housing planning act 2016 electrical safety standards

The Housing and Planning Act 2016 has brought a lot for landlords and others in the property industry to consider which we have written about previously; this post focuses on the regulations that may be imposed under Part 5 of the Housing and Planning Act 2016 (“the Act”).

Under Part 5 of the Act regulations may come into force requiring landlords of residential premises to carry out electrical safety testing. Although landlords already must keep in repair the supply of gas, water and electricity under s.11 of the Landlord and Tenant Act 1985 the regulations to be imposed under the Act are to widen the scope of these requirements in relation to electricity.

The New Requirements 

(a) the installations in the premises for the supply of electricity, or

(b) electrical fixtures, fittings or appliances provided by the landlord.

From 1 July 2020 private landlords have the following additional obligations:

  • arrange for a qualified person to carry out an electrical safety check before the tenancy commences
  • ensure that the electrical safety standards are met throughout the tenancy
  • carry out electrical safety checks at regular intervals
  • retain a copy of the report until the next test is due and supply it to the person carrying out the next check and to tenants, including prospective tenants

The electrical safety report is known as the Electrical Installation Condition Report (EICR). 

Sections 122 and 123 of the Housing and Planning Act 2016 give the Secretary of State for Housing, Communities and Local Government powers to make regulations to ensure that properties let by private landlords meet electrical safety standards and to enforce compliance.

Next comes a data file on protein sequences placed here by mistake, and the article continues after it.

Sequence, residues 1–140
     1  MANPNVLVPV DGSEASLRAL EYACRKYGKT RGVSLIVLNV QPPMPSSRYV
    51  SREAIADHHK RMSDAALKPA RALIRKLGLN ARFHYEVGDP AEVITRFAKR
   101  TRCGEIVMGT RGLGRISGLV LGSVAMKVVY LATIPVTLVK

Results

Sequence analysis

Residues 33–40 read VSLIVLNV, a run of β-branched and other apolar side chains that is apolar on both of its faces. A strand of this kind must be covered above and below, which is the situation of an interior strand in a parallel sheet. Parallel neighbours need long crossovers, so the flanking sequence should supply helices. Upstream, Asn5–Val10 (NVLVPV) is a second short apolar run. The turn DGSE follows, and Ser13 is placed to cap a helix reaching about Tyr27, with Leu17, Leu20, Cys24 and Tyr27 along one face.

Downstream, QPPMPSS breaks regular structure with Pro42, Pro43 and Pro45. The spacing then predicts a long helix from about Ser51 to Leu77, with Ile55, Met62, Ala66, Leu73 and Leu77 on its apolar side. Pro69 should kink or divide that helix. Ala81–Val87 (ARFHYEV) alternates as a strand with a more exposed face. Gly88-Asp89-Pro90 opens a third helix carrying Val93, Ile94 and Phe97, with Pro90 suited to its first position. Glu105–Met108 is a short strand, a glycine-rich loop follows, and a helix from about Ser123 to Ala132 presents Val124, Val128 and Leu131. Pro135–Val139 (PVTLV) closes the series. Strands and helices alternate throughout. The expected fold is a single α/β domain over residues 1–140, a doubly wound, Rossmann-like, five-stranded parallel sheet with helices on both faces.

The Electrical Safety Standards in the Private Rented Sector (England) Regulations 2020 SI 2020/312 came into force on 1 June 2020.


A local authority must take action if it has reasonable grounds to suspect that the landlord has not complied with the requirements to ensure electrical safety or carry out the necessary checks. The level of the authority’s involvement depends on the seriousness of the breach.

Where the authority is satisfied beyond reasonable doubt that a landlord is in breach of their duties in relation to electrical safety, it may impose a fine of up to £30,000.

Mr Sasha Charles of Landlord Advice UK said, prior to the enforcement to the new electrical safety standards:

A recent government consultation in December 2016 relating to banning order offences under the Planning Act 2016 confirmed that the standards of private rented accommodation had risen substantially over the past decade and that 82% of renters were satisfied with their accommodation. Yet, further regulations for landlords to comply relating to condition of let premises continue to be imposed increasing landlords overheads thus slowly increasing rents, which contravenes Parliaments concerns about the prices of private rented accommodation. That’s not to say tenants should not be safe in the property they rent and landlords having a degree of responsibility to ensure their tenants are safe is only rational.